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Teeth Grinding or clenching

Bruxism is the term given to the unconscious behaviour of clenching and grinding of teeth. It most often occurs at night when you are sleeping, but some people also do this when they are awake. It can occur when you are angry, frustrated or anxious.

Occasional bruxism or clenching and grinding will not cause any long-term damage.  When it becomes a habit it can lead to damaged teeth, headaches and jaw pain. It can go unnoticed unless it is reported by your bed partner or detected by a dentist during a dental examination.

Recent scientific studies have shed light on bruxism and have attributed it to sleep disturbances (and sleep disordered breathing). Treatment of the bruxism may focus on addressing the sleep disturbance.

Some of the signs of Bruxism

  • The sound of grinding teeth, which is heard by your sleep partner
  • Having sensitive teeth when you eat hot and cold foods
  • Experiencing ear pain, which can feel like an earache, though the problem is not in the ear
  • Jaw, neck or face pain or soreness when you wake up in the morning
  • Having  flattened, chipped or worn down teeth
  • Dull headaches  that start from the temples
  • Sore, painful jaws which you notice after  waking up
  • Tired or tight jaw muscles, or a locked jaw that won’t open or close completely
  • Damage to the inside of your cheek
  • Worn tooth enamel, exposing deeper layers of your tooth

See your dentist at the dental gallery in Point Cook if you have any of the symptoms listed above or are aware that you grind your teeth. It is important to get a diagnosis if you think you have bruxism. As bruxism puts abnormal pressure on your teeth, muscles and jaw it is important to get an early diagnosis, so treatment can avoid permanent damage to your teeth.

If you notice that your child is grinding his or her teeth, or has other signs of bruxism, you should mention it at your child’s next dental appointment. At the dental gallery our dentists have the expertise in helping children who grind their teeth.

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Causes of Bruxism

Recent scientific research has linked bruxism to Obstructive Sleep Apnoea (OSA) or Upper Airway Resistance Syndrome (UARS), which is a condition similar to sleep apnoea. Both these conditions occur when there are changes to a person’s airway during sleep. This in turn results in instability of the airway and therefore disturbing sleep patterns.

When you sleep, the muscles in the upper airway relax and the tongue falls to the back of the mouth. The mandible or lower jaw moves backwards and so the base of the tongue slides to the back of the throat. The clenching of the teeth is thought to occur in order to prevent the airway from closing up, keeping the lower jaw in position and thereby limiting the obstruction of the airway.

Impact of Treating Sleep Apnoea on Bruxism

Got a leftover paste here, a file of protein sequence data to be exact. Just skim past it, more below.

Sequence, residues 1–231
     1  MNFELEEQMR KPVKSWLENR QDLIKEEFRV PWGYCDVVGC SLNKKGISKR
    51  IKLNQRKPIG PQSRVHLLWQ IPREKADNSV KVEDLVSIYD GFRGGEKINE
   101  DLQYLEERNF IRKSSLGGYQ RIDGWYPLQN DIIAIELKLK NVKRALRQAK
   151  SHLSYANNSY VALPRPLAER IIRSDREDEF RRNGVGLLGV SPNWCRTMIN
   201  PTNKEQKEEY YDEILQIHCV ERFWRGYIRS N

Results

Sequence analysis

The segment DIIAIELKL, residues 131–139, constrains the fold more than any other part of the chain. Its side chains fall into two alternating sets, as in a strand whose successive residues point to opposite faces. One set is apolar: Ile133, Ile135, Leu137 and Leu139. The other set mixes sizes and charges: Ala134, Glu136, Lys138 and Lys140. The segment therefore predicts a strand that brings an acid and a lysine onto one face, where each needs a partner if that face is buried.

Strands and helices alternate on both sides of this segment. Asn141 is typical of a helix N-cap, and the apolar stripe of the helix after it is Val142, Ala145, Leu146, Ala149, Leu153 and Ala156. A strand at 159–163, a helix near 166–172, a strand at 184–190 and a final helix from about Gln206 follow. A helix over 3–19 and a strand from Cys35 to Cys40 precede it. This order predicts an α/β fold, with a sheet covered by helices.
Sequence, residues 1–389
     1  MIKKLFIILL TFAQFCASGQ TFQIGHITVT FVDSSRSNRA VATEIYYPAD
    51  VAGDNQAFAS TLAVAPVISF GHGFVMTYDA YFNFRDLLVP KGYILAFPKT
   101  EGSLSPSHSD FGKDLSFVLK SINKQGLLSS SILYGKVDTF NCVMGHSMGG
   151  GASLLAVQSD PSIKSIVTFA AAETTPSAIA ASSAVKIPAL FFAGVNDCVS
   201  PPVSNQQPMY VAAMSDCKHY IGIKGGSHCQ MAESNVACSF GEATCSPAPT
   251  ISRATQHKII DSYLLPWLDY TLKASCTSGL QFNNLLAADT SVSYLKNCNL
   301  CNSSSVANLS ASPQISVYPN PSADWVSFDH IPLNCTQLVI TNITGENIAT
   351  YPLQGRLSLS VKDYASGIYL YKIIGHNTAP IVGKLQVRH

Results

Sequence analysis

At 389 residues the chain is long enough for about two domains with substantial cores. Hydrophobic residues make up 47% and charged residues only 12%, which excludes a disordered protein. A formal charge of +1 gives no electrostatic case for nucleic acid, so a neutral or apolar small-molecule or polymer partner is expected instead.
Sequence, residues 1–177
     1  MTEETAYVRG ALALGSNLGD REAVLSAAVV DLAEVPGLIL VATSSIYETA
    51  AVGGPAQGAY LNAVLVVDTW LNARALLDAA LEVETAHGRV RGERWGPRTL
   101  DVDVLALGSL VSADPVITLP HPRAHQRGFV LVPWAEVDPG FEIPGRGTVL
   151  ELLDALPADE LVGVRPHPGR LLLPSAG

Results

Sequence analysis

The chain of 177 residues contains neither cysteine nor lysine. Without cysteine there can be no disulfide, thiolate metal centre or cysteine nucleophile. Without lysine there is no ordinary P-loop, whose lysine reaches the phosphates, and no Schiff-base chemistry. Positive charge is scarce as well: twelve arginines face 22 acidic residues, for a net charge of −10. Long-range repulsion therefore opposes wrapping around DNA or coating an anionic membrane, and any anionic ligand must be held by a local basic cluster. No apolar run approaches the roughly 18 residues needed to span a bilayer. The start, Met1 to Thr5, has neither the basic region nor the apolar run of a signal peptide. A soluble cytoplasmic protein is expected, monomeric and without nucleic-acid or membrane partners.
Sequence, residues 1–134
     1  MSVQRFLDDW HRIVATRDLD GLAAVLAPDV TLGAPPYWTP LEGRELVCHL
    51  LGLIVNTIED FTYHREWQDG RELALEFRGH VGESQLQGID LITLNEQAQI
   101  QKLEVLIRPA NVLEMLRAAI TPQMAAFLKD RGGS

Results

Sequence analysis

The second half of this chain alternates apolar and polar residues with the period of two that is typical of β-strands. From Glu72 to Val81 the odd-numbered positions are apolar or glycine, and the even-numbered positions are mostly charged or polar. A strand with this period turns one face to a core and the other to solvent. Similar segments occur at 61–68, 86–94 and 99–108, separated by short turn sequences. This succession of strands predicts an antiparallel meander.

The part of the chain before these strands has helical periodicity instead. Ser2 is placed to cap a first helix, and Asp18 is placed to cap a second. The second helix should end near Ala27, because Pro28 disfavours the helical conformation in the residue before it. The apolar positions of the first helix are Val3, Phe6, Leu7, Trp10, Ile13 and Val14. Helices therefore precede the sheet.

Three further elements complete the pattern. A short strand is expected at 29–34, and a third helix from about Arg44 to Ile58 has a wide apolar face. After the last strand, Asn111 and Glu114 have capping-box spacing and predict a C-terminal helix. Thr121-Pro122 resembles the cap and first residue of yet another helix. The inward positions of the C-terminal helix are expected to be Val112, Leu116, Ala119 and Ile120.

Treating sleep apnoea with a dental sleep appliance may help reduce the symptoms of bruxism.  A sleep study under the supervision of a sleep physician can help to identify the type of sleep disorder. The degree of sleep apnoea can dictate the type of treatment which is most suitable for you.

If you do not have sleep apnoea, then a well-designed bruxism splint made by us can be used to address the bruxism.

Other contributors to Bruxism

Bruxism can also be caused by many physical and psychological factors. These factors include:

  • being under extreme stress or being anxious
  • having a personality that is aggressive, competitive or hyperactive can increase your risk of bruxism.
  • having suppressed feelings of anger and frustration
  • taking certain medication like some anti-depressants
  • having problems with your bite, where the upper and lower teeth don’t meet properly
  • consuming tobacco, alcohol, caffeinated beverages
  • consuming  illegal drugs
  • familial tendency

Bruxism can be associated with some medical disorders, such as Parkinson’s disease, dementia, gastroesophageal reflux disorder, epilepsy, night terrors, sleep-related disorders such as sleep apnoea, and attention-deficit/hyperactivity disorder (ADHD).

Treatment of bruxism provided by the dentist

Our dentists in Point Cook will undertake a thorough examination of the mouth, teeth, jaw and muscles to check for fractured or chipped teeth or damage to dental work – like crowns and other restorative dental work. They will check to see if your jaw muscles are tender and assess your bite and how you teeth are meeting.

They may recommend you have a mouth guard or a splint that fits over your upper or lower teeth. There are many splints available and they will recommend one that is most suitable for you. The use of the splint will prevent your teeth from meeting and reduce damage to your teeth and jaw joint.

You may need restoration of damaged teeth with the use of inlays or onlays or crowns.

Other ways of addressing bruxism

  • Reduction in the intake of caffeinated beverages (like tea and coffee) and alcohol
  • Professional counselling, exercise and relaxation techniques  to reduce stress and   anxiety , especially if this is the main cause of your bruxism
  • Changes in medication if the cause is  thought to be due to medication

Complications of Bruxism

In most cases, bruxism doesn’t cause serious complications. But severe, prolonged bruxism may lead to:

  • Damage to your teeth, dental restorations, crowns or jaw
  • Recurrent episodes of tension-type headaches
  •  Severe facial or jaw pain
  • Disorder and damage to temporomandibular joints (TMJs), which is located just in front of your ears. This can produce a clicking sound when you open and close your mouth.